The Importance of Childcare Within Walking Distance

In honor of International Walk to School Day, we’re going to look at a post from Minnesota’s Twin Cities about what you might call Wouldn’t It Be Great If You Could Walk Your Kid to Preschool Day.

Streetsblog Network member Net Density makes the excellent point that for parents of preschool-age children, having childcare within a quarter-mile of their homes can be the make-or-break factor in whether they choose an active commute (by foot, bike, or transit).

After some impressive number-crunching, the blog’s author comes up with the conclusion that only between 13 and 16 percent of people in Minneapolis-St. Paul live within that distance of adequate childcare options. Which makes for a planning challenge:

2CCBlocks_300x231.jpgMost people don’t make housing decisions based on child care
access, so depending on what you can afford, and where you want to
locate, good child care access may or may not be available in your area.

So as planners and policy makers trying to leverage the multiple
benefits of a non-auto commute (health, environmental, social), what
role do we have in trying to improve this access? Or, in other words,
how can we address this barrier and allow more people to get active? What tools can we use to do so?

Anyone out there want to step forward with some ideas? We’re listening.

More from the network: Cincy Streetcar Blog has an excellent photo essay that makes a case against Issue 9, an anti-passenger rail initiative on the ballot in that city this fall. Bicycle Ambassadors demonstrates some justified pride about Philadelphia’s bike commute numbers. And Portlandize takes on the question of who pays for bike infrastructure — and auto infrastructure.

  • Rob

    When I was a kid I lived within the above radius, but my parents wouldn’t let me walk until I was in 8th grade. Why? The route required crossing a major arterial with heavy traffic, lots of lanes, and fast moving cars. Point is.. in the suburbs, it’s not just about distance, it’s also about the poor design that makes for potentially dangerous walks.

  • Beverley Smith

    There are conflicting currents here. Yes it would be great for a child to be near home or alternatively near where the parent is which in some cases may be where the parent is at paid work all day. This permits parents to drop in at lunch or in emergency. Yes it would be good if kids could at the daycare have the same friends as are already their neighborhood playmates. Yes it would be good to save on gas costs if parents could walk with the child and yes it would be great to examine nature, collect leaves, pick up an ice ream on the way.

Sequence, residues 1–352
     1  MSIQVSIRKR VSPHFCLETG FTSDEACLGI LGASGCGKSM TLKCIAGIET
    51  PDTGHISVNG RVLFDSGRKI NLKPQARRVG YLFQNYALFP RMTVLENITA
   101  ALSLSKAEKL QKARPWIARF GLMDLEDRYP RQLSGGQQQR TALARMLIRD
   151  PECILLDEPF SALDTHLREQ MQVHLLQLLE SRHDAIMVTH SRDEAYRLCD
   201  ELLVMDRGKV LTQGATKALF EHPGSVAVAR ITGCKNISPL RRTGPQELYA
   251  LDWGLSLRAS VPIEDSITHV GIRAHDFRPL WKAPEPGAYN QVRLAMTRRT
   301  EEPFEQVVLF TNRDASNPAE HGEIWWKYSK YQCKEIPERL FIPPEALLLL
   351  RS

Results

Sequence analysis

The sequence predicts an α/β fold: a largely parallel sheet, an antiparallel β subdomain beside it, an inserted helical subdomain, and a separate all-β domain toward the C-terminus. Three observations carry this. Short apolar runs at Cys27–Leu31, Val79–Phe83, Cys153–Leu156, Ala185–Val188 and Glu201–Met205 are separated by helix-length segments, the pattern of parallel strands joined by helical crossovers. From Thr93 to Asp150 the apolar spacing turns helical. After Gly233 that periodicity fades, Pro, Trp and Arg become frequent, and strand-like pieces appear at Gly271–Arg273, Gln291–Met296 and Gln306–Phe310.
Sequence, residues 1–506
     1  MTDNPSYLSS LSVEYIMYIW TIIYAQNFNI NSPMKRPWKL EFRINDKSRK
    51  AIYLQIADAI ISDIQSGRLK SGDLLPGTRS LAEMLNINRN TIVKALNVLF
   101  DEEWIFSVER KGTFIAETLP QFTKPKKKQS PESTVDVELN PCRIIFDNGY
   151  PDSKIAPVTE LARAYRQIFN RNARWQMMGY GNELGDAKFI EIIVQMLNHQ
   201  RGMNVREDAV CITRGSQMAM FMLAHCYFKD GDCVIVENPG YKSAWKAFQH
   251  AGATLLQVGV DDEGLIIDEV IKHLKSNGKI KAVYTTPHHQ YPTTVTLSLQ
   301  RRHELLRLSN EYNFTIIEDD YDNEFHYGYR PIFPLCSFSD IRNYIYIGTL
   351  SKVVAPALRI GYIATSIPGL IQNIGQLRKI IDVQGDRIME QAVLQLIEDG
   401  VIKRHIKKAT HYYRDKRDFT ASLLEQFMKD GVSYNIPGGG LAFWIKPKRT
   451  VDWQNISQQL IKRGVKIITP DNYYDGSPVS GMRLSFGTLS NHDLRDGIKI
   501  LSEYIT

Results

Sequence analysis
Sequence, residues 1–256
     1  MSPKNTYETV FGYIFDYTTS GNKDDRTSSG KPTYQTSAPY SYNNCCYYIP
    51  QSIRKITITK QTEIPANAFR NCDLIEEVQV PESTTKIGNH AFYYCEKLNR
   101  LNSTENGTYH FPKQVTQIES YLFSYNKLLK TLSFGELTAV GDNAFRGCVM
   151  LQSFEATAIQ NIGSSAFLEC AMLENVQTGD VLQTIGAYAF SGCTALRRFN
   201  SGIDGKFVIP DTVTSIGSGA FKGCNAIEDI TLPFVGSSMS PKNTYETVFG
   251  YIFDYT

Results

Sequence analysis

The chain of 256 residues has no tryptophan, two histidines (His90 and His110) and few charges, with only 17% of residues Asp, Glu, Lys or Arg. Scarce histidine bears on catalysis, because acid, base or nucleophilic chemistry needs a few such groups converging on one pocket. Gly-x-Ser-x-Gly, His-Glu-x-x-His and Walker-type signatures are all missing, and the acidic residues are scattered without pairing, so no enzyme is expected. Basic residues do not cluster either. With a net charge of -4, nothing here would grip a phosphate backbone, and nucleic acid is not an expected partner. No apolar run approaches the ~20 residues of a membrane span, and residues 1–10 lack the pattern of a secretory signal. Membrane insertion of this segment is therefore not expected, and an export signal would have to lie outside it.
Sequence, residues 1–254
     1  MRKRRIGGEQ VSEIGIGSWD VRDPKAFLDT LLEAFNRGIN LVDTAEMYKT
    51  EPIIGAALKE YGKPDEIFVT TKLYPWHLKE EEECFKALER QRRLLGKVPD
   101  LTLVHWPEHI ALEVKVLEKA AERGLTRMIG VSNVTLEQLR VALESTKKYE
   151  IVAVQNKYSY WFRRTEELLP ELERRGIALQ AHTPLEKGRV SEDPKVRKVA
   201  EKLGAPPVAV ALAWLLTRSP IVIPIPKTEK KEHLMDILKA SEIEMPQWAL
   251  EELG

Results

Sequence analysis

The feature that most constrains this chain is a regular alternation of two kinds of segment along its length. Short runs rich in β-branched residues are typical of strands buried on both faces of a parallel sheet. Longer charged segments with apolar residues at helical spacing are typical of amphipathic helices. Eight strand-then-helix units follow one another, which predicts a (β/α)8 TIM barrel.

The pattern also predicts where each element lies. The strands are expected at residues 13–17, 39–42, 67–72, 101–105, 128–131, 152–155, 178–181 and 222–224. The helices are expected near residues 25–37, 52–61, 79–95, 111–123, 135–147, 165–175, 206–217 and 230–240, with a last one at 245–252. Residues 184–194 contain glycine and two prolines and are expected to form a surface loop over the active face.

But you will get a lot of argument against this from several quarters. One is those parents who actually prefer to drop off the child early and pick the child up late because they have long paid work days and need long daycare. If they can get a bus to pick up the child and ferry the child to and from this also uses up some of the time they are not able to be with the child and is convenient for them as a babysitter. You will also get a lot of heat from big chain daycares that want to discourage small mom and pop independent neighborhood ones because they want to own all daycare services themselves. They actively want to discredit and put out of business the smaller operations and they may even insult the quality of these friendly neighborhood centres, or dayhomes as having less trained staff, not meeting their inspection or regulation standards however they define them.

    You will also get objections from big labor unions that often represent the workers at the large chain daycares, because they prefer that all workers join their union and pay union fees and they will make wild claims that only their union members are competent early educators, or trained professionals. Big unions have huge budgets to lobby government with and they can make the case that children should all be in their ‘childcare ‘ centres or else the children lose out – so governments may direct funding naively to only those big centres. That is happening in Canada and apparently in some other countries.

    In my opinion parents should have an equally funded wide range of care options, not just the small daycare or large daycare but even the grandma, sitter, nanny, dad or mom at home options. There are huge movements against having this wide a range though because big daycare chains for sure would feel they’d lose out on a guaranteed clientele. And yet I believe that kids have the right to appropriate care for their own needs and parents have the right to choose where that happens. If there is any common ground it is for parents to stand up for choice – and the small or large daycares, the neighborhood or far away chains, are only two of several options we should all stand up for. This is a democracy.


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